Winter COVID Surge Begins in Michigan’s Nursing Homes

Low rates of ‘up to date’ vaccinations increase vulnerability for residents and staff.  

Photo: Getty Images

 

A significant winter surge of COVID-19 appears to be gaining a foothold in nursing homes here in Michigan and across the country, with cases among nursing home residents and staff rapidly accelerating in the past three weeks. According to AARP’s Nursing Home COVID-19 Dashboard, resident deaths nationwide rose by 26% in the four-week period ending November 20 as compared to the previous four week period ending October 23.

 

However, in the two weeks after November 20, cases have been surging at an alarming rate. According to the Centers for Disease Control and Prevention COVID Data Tracker, the rate of resident cases nationwide is up 63%, and the rate of staff cases is up 70% in the week ending December 4, compared to the last week of the Dashboard just two weeks earlier. These numbers are the highest since early February of this year, during last winter’s Omicron wave.

 

The winter surge comes as fresh data on rates of “up to date” COVID-19 vaccinations continues to show significant vulnerability to the virus in nursing homes nationwide. For the Dashboard period ending November 20, only 45% of residents and 22% of staff nationwide were “up to date” on vaccinations with the bivalent booster.  Here in Michigan, 40.1% of residents and 14.1% of staff were “up to date” on their vaccinations. In most states, fewer than one-third of staff are “up to date” on vaccinations. Only California, Colorado, Hawaii, Massachusetts, New Jersey, New Mexico and the District of Columbia have staff “up to date” vaccination rates above one third.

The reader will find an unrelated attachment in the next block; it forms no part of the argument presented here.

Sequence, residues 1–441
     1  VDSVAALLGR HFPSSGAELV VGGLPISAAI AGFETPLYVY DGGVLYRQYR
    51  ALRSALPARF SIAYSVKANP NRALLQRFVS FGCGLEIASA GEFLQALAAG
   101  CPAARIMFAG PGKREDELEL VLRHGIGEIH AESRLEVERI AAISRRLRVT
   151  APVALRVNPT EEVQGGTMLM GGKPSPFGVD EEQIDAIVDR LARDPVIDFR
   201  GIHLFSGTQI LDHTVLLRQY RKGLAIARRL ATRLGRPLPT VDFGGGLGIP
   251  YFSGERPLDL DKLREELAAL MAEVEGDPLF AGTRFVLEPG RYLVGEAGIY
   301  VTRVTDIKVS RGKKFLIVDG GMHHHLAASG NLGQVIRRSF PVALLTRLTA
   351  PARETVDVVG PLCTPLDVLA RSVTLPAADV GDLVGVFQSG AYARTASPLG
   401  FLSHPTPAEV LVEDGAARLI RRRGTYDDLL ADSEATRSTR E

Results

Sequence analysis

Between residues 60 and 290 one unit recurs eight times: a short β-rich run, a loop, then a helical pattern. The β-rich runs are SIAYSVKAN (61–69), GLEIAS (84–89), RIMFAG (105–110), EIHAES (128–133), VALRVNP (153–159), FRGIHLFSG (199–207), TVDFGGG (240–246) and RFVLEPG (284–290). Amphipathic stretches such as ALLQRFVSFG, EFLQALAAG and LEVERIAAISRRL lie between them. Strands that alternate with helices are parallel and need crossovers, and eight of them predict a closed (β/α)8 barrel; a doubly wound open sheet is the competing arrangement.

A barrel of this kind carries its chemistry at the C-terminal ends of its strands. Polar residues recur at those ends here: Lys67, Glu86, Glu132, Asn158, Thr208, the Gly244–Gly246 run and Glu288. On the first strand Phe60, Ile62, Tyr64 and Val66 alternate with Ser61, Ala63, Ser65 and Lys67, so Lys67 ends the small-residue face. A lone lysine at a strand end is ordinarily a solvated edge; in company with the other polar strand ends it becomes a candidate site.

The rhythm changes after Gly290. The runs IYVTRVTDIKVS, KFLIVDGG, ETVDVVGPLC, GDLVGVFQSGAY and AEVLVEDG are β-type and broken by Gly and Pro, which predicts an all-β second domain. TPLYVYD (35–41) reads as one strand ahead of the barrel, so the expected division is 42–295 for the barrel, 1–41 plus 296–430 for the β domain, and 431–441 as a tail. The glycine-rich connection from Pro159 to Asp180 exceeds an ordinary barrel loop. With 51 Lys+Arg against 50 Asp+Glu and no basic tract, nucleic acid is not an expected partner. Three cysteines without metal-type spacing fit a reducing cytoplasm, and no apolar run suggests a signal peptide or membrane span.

“With a winter surge upon us, we can’t stress enough how important it is for nursing home residents and staff to be up to date on their COVID-19 vaccinations,” said Paula D. Cunningham, State Director of AARP, which serves more than 1.2 million members age 50 and older in Michigan. “The bivalent booster is needed for full protection. Increased vaccination rates will help us mitigate this surge as we head deeper into the winter.”  

 

Residents and staff of nursing homes and other long-term care facilities have been disproportionately affected by COVID-19. Since the beginning of the pandemic, 3,459 nursing home residents in Michigan have died from the virus, including 49 in the four-week period ending November 20.

 

Michiganders who have a parent, spouse, sibling or other loved one in a nursing home can help keep them safe by asking the right questions of facility management and staff. AARP recommends asking these 10 questions to stay connected and keep your loved one safe.

 

Nationwide, about 24% of nursing homes reported a staffing shortage in the four weeks ending November 20, a slight decrease from the previous Dashboard. Michigan facilities reporting a shortage of nurses or aides was 32.5% for the same period.

 

The AARP Nursing Home COVID-19 Dashboard analyzes federally reported data in four-week periods going back to June 1, 2020. Using this data, the AARP Public Policy Institute, in collaboration with the Scripps Gerontology Center at Miami University in Ohio, created the Dashboard to provide snapshots of the virus’ infiltration into nursing homes and impact on nursing home residents and staff, with the goal of identifying specific areas of concern at the national and state levels in a timely manner. The full AARP Nursing Home COVID-19 Dashboard is available at www.aarp.org/nursinghomedashboard.

 

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